Thursday, 16 September 2010
Mervyn King backs the Tax Justice campaign?
Mervyn King addressed the TUC yesterday. Much of what he said - and the reaction to it - was fairly predictable (and there's a good report in the Morning Star).
However, King - who had assiduously avoided commenting on policy with a stock line "that's not for me to comment" - gave the tax justice campaign a shot in the arm with his cagey endorsement of the question put by PCS President Janice Godrich.
With the annual tax gap estimated to be around £120 billion, Janice asked if Mr King agreed with the union that tax loopholes should be closed, HM Revenue and Customs should increase staff rather than cut them and decisive action should be taken against tax evaders. Each tax compliance officer brings in £658,000 of revenue.
Mr King said he could not comment on tax policy but that the case seemed "persuasive" and was "irresistably" put.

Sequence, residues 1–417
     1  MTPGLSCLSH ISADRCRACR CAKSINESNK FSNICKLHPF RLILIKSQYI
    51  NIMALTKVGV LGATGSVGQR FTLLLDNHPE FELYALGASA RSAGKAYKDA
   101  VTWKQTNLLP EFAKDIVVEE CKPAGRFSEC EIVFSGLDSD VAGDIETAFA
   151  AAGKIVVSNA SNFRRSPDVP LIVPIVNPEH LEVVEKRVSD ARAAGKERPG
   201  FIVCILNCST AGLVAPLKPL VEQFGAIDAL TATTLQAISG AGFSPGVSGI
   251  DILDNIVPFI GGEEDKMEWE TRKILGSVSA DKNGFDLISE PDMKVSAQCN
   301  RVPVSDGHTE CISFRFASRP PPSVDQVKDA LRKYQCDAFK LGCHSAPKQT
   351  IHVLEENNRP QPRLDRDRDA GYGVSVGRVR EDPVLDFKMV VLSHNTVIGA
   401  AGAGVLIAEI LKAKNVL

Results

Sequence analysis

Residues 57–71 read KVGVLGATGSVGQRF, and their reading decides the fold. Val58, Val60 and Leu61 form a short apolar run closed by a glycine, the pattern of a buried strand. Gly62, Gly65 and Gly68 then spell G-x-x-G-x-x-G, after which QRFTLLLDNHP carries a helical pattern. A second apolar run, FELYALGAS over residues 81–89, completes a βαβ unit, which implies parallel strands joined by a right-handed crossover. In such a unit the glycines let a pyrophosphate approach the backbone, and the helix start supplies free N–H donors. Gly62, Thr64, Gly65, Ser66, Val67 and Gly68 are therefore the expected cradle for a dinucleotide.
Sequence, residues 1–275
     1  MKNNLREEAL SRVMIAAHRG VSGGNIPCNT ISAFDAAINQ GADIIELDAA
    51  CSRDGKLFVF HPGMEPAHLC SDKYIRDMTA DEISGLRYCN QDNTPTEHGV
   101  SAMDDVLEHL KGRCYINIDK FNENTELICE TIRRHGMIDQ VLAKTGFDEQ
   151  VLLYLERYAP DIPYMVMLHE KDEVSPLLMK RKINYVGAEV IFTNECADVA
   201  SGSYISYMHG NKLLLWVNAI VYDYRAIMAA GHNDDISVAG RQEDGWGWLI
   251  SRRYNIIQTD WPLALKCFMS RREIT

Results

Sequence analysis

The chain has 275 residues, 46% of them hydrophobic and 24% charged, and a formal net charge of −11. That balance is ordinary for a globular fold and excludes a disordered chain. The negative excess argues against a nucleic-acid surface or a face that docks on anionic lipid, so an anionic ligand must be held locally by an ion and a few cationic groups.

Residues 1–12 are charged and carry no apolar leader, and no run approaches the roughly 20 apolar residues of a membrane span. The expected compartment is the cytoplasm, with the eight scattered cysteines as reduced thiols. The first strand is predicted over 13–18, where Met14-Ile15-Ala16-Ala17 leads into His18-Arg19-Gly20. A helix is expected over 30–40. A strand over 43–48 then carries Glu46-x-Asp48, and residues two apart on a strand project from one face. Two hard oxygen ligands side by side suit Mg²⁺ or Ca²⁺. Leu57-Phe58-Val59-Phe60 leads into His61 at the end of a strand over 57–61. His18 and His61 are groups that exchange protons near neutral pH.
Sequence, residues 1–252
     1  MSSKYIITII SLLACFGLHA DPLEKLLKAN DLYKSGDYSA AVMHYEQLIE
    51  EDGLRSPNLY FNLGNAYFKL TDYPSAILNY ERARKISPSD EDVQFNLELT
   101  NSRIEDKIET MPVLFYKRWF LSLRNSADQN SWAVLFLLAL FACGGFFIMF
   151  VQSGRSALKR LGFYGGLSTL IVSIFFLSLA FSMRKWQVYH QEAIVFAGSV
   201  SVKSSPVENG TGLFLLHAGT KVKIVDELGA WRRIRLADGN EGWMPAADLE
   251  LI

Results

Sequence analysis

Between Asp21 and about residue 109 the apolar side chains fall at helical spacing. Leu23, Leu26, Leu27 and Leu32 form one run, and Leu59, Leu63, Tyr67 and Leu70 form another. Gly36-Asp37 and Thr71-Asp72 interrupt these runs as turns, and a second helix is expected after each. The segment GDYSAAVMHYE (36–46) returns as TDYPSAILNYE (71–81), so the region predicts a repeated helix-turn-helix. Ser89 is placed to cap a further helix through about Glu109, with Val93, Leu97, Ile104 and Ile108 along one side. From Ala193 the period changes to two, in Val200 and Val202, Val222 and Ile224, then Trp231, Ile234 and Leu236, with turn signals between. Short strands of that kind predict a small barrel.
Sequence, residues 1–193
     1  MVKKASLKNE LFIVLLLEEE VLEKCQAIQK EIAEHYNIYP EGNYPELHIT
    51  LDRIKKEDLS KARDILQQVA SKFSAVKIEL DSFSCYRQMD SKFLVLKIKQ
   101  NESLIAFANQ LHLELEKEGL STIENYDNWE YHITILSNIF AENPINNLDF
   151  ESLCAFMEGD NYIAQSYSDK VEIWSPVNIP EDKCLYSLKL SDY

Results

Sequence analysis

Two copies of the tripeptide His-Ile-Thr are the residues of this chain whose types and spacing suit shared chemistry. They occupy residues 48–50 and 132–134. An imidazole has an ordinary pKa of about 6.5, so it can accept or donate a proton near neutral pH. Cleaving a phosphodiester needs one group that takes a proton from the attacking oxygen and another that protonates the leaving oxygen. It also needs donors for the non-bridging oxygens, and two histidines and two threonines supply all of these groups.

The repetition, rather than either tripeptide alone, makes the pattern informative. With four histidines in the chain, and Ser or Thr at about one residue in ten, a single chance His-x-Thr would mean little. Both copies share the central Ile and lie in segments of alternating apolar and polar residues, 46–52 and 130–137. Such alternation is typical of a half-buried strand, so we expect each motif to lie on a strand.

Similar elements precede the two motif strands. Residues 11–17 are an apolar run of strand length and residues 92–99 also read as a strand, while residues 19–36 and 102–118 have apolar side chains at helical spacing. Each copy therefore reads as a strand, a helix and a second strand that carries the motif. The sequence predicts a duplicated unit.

Speaking afterwards, Janice said: "We have seen recently the massive problems caused by staff cuts in HMRC and with billions of pounds in tax revenue going uncollected every year, it makes absolutely no sense to go even further.
"If the chancellor of the exchequer was persuaded by our arguments as Mr King seems to be, and had even a fraction of this money in his coffers, it would change the terms of the debate about public spending overnight.
"Collecting the tax that is owed, largely by very wealthy individuals and organisations, is part of the real alternative to the government’s cuts that are being driven by dogma rather than good economics."
With the endorsement of the establishment Mr King, the £120 billion tax gap must now be a priority for the coalition government in place of devastating public sector cuts
The tax gap, as part of the alternative to public spending cuts, was all over the TUC this week - as Richard Murphy blogs - and hopefully the issue may find its way into the debate again at Labour Party conference.